Moscow can be a cold, hard place in winter. But the big old house on Tverskoy Boulevard had always seemed immune to these particular facts, the way that it had seemed immune to many things throughout the years.
When breadlines filled the streets during the reign of the czars, the big house had caviar. When the rest of Russia stood shaking in the Siberian winds, that house had fires and gaslight in every room. And when the Second World War was over and places like Leningrad and Berlin were nothing but rubble and crumbling walls, the residents of the big house on Tverskoy Boulevard only had to take up a hammer and drive a single nail—to hang a painting on the landing at the top of the stairs—to mark the end of a long war.
The canvas was small, perhaps only eight by ten inches. The brushstrokes were light but meticulous. And the subject, the countryside near Provence, was once a favorite of an artist named Cézanne.
No one in the house spoke of how the painting had come to be there. Not a single member of the staff ever asked the man of the house, a high-ranking Soviet official, to talk about the canvas or the war or whatever services he may have performed in battle or beyond to earn such a lavish prize. The house on Tverskoy Boulevard was not one for stories, everybody knew. And besides, the war was over. The Nazis had lost. And to the victors went the spoils.
Or, as the case may be, the paintings.
Eventually, the wallpaper faded, and soon few people actually remembered the man who had brought the painting home from the newly liberated East Germany. None of the neighbors dared to whisper the letters K-G-B. Of the old Socialists and new socialites who flooded through the open doors for parties, not one ever dared to mention the Russian mob.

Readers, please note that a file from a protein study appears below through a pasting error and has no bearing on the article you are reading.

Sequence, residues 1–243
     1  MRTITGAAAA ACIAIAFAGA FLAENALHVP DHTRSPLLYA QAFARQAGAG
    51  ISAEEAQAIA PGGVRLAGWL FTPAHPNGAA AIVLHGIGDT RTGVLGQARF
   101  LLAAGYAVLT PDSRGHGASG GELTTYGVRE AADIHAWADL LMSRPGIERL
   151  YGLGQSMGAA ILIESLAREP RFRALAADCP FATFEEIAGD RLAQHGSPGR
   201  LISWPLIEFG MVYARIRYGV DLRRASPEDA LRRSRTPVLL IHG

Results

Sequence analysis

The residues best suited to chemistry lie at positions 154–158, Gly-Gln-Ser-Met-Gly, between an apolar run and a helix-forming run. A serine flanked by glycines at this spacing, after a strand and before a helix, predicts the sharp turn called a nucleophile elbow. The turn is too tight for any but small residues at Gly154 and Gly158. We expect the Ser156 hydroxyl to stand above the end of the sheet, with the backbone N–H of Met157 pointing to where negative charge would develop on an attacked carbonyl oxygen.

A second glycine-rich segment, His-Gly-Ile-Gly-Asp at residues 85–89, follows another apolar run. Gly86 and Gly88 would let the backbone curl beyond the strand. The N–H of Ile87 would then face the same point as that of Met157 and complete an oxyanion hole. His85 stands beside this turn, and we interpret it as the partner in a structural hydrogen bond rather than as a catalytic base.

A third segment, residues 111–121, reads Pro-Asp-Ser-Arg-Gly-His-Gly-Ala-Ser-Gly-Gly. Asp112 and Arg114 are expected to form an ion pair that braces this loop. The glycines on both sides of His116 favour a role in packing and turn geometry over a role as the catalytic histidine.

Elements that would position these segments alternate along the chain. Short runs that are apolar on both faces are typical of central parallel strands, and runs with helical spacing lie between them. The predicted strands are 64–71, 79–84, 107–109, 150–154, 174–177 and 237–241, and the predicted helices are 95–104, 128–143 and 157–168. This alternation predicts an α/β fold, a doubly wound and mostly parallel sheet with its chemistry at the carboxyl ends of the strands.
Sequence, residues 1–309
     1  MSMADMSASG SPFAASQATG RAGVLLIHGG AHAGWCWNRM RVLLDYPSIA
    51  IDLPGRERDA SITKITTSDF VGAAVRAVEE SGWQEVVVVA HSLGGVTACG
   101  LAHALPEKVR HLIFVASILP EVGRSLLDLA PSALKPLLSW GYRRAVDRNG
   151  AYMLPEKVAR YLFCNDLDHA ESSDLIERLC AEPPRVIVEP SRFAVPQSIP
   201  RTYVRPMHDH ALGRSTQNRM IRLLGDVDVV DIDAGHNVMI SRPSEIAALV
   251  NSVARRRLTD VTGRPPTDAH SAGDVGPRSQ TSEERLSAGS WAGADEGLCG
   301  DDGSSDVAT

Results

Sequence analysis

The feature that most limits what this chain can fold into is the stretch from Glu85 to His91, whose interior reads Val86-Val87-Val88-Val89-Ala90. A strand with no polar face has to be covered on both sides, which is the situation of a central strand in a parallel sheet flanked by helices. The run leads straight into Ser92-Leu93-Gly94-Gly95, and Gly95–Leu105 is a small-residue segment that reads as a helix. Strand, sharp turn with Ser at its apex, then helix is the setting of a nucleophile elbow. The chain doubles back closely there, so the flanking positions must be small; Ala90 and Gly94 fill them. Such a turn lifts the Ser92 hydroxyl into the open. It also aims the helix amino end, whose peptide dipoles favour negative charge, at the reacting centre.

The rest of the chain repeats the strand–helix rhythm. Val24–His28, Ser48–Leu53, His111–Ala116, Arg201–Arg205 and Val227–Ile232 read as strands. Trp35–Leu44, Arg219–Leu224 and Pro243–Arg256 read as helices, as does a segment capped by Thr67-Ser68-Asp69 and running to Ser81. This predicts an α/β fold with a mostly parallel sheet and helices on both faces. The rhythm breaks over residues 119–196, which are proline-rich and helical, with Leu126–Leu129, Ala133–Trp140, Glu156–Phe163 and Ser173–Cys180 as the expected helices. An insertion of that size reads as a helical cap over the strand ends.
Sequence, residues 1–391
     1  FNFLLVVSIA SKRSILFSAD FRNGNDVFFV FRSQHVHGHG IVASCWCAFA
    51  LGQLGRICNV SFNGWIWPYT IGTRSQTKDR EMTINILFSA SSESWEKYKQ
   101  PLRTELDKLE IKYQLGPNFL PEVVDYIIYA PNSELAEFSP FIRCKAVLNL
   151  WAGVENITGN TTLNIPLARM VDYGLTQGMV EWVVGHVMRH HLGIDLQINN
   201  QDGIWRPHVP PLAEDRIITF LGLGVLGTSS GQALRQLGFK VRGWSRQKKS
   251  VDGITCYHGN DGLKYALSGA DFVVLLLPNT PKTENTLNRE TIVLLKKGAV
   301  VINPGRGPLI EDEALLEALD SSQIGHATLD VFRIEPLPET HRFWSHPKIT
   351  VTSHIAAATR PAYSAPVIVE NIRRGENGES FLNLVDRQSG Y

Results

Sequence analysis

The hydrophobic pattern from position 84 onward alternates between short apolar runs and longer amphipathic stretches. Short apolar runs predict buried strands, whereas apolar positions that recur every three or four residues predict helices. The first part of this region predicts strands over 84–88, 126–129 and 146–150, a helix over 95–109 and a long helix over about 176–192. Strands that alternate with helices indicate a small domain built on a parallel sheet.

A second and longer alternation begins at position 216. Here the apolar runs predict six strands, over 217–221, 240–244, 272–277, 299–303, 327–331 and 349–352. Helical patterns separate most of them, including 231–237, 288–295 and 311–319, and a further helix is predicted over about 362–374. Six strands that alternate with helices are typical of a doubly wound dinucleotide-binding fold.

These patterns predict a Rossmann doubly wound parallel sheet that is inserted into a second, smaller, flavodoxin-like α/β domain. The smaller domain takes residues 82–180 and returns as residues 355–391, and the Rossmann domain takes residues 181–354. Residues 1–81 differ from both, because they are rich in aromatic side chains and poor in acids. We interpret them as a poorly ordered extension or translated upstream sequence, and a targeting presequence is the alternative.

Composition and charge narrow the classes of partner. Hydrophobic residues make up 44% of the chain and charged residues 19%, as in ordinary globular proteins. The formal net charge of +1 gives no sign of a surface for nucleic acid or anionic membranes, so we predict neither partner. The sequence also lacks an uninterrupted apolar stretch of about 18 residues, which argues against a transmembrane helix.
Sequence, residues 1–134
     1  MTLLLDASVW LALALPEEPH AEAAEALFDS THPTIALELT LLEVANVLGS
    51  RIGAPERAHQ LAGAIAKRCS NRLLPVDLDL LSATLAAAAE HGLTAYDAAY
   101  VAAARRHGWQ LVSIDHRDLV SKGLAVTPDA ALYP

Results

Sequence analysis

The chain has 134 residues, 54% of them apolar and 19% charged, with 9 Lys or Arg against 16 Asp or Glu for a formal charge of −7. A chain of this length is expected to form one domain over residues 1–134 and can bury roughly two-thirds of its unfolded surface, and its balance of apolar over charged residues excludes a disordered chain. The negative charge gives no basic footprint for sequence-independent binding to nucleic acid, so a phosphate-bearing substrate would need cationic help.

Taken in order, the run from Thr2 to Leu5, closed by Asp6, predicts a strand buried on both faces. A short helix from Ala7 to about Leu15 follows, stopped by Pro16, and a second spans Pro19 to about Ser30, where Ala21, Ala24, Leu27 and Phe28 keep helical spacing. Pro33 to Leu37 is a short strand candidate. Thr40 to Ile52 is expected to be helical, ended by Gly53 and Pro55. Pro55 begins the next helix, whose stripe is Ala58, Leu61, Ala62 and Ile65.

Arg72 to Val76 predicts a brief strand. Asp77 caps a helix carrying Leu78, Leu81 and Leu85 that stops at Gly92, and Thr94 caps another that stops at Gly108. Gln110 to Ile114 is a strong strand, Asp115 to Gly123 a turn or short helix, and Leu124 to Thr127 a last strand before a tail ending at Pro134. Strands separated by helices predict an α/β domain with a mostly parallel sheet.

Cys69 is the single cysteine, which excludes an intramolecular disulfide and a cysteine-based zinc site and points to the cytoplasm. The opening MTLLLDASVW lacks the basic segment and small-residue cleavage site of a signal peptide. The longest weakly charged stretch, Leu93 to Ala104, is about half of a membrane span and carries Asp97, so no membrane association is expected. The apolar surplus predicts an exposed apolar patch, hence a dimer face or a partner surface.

And still the painting stayed hanging, the music kept playing, and the party itself seemed to last—echoing out onto the street, fading into the frigid air of the night.
The party on the first Friday of February was a fund-raiser— though for what cause or foundation, no one really knew. It didn’t matter. The same people were invited. The same chef was preparing the same food. The men stood smoking the same cigars and drinking the same vodka. And, of course, thesame painting still hung at the top of the stairs, looking down on the partygoers below.
But one of the partygoers was not, actually, the same.
When she gave the man at the door a name from the list, her Russian bore a slight accent. When she handed her coat to a maid, no one seemed to notice that it was far too light for someone who had spent too long in Moscow’s winter. She was too short; her black hair framed a face that was in every way too young. The women watched her pass, eyeing the competition. The men hardly noticed her at all as she nibbled and sipped and waited until the hour grew late and the people became tipsy. When that time finally came, not one soul watched as the girl with the soft pale skin climbed the stairs and slipped the small painting from the nail that held it. She walked to the window.
And neither the house on Tverskoy Boulevard nor any of its occupants ever saw the girl or the painting again.